Theater, theater, theater! As with many art forms, it is pervasive in this Valley. This week, we’re highlighting three local productions with a review and two previews. Following is one of the previews for Thunder River Theatre Company’s (TRTC) upcoming production of “Proof,” opening this Friday, Nov. 18.
The script was written by David Auburn and, in 2001, “Proof” received the Pulitzer Prize for drama and won the Tony Award for best play. “So, it’s a pretty unusually brilliant script,” Sue Lavin, director of the TRTC production, told The Sopris Sun.
“I think there are a lot of surprises for the audience because of how well it’s written,” she added. “There’s a lot of startling information that comes along, so the audience has to pay attention.”
The setting is in a neighborhood on the south side of Chicago, near the university. The central character, Catherine, is a brilliant mathematician who defers her own education and career to instead move home and take care of her father — also a genius — who slips further and further from sanity.
Lavin mentioned a review she had read in the Journal of the American Mathematical Society which considered “Proof” to be the best rendering of the mathematical world and mind — delving into mathematics, genius and madness.
Lavin has been grateful to work with “such a star studded cast,” as she put it. “All of the actors are terrific,” she said. “They’re all experienced and bring a lot to these characters.”
Emily Henley plays Catherine, the lead role; Jeff Carlson plays Catherine’s father, Robert; John Hauser plays Hal, Catherine’s love interest and Robert’s protégé; and Allison Fifield plays Claire, Catherine’s concerned sister.
Serendipitously, when TRTC’s artistic director Missy Moore asked Lavin to direct the play, Lavin recalled seeing it 20 years earlier, when Moore played the role of Catherine and Moore’s own father, Bob Moore, played Robert.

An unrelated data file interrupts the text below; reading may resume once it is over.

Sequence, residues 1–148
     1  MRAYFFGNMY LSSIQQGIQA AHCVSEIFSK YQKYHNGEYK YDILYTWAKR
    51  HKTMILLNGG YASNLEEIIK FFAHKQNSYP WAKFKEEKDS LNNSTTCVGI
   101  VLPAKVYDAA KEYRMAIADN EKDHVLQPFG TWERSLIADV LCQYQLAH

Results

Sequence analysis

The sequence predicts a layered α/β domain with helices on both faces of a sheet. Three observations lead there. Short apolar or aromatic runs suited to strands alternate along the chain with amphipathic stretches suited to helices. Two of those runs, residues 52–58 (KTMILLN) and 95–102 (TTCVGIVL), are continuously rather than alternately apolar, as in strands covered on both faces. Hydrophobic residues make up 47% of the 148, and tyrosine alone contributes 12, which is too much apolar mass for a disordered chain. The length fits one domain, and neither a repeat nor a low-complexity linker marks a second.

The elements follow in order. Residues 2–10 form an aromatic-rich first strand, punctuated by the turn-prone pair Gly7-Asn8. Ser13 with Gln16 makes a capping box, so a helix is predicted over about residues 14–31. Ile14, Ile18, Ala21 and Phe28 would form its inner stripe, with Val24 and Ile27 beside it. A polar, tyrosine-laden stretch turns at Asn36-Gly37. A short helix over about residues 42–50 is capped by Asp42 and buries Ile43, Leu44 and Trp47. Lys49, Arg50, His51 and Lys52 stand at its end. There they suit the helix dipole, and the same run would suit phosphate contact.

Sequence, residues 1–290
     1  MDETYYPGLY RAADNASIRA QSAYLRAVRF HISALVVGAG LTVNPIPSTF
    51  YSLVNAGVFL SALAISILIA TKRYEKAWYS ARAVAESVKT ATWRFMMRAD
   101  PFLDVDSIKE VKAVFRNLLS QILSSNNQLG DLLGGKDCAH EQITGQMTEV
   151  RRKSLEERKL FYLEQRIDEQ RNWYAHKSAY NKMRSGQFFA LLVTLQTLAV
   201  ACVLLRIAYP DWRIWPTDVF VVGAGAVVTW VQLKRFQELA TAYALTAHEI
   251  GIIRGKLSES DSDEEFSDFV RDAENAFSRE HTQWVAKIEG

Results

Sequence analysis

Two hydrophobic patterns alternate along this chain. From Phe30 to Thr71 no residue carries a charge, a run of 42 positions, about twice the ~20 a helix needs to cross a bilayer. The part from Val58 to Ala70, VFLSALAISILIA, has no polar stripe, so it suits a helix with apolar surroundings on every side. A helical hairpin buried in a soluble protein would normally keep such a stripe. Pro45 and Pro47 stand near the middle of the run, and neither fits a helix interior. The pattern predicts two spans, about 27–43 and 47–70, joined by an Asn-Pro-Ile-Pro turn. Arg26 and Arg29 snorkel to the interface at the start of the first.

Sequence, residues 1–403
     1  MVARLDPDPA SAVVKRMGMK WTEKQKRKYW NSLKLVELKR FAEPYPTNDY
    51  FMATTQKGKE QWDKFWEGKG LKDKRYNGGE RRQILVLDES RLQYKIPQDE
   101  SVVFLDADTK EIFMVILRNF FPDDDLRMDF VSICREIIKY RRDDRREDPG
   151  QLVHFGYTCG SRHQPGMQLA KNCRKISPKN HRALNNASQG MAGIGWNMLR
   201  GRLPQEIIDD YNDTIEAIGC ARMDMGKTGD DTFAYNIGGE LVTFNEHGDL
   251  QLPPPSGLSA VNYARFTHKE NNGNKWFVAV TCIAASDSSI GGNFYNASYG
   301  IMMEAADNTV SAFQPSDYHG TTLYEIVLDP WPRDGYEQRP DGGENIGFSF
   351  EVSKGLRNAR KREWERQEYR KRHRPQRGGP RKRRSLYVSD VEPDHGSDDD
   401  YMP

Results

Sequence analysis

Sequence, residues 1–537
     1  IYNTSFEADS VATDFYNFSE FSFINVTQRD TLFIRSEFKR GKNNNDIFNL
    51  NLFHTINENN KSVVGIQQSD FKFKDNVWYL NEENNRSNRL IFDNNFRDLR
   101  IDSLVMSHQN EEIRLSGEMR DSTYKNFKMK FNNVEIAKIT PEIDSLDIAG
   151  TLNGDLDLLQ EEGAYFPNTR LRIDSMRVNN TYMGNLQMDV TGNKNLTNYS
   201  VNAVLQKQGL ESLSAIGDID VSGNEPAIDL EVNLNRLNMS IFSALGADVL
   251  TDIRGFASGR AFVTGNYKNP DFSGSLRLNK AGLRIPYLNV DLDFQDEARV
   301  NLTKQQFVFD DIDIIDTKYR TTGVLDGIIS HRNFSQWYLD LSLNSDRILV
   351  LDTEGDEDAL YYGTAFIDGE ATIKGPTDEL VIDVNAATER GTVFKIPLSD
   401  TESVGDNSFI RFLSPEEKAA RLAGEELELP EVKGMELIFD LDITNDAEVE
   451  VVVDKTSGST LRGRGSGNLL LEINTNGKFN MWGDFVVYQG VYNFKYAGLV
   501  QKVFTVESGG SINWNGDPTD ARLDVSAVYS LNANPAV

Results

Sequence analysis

Three of the four characters in the play are mathematicians and the idea behind the title, “Proof”, carries a double meaning. While there is a mathematical proof central to the play, Catherine also struggles to trust herself and those around her. Consequently, the audience is left wondering who can be trusted and what a character’s motivations might be. e
“Catherine doubts everyone, and she mostly doubts herself,” explained Lavin. In fact, “I think another name for the play could be ‘Doubt’, but that’s taken,” she joked.
Speaking of humor, while the realist play focuses on sincere relationship dynamics and the level of trust between characters, there are some pretty funny moments in the script.
When asked what she believes the message people will take away from the show will be, Lavin instead replied with a few rhetorical questions. “I think that the question, ‘Who do you trust and how do you learn to trust people?’ is a big question that the play will leave the audience with.”
She added, “How do we use our talents to make a difference in the world?” And, “How do we find the courage to stand up for ourselves and what we have to bring to the world?”
Lavin chose to leave our readers on a note of hope. “We’re all haunted by our doubts and fears. But, if we reach a little further, the opposite of our doubts and fears can be true, too.”
There are 10 chances to catch this production. The show runs Nov. 18 through Dec. 4, with Friday and Saturday night performances at 7:30 p.m. and Sunday matinees at 2 p.m. There is one Thursday night performance, Dec. 1, at 7:30 p.m. For tickets, visit www.thunderrivertheatre.com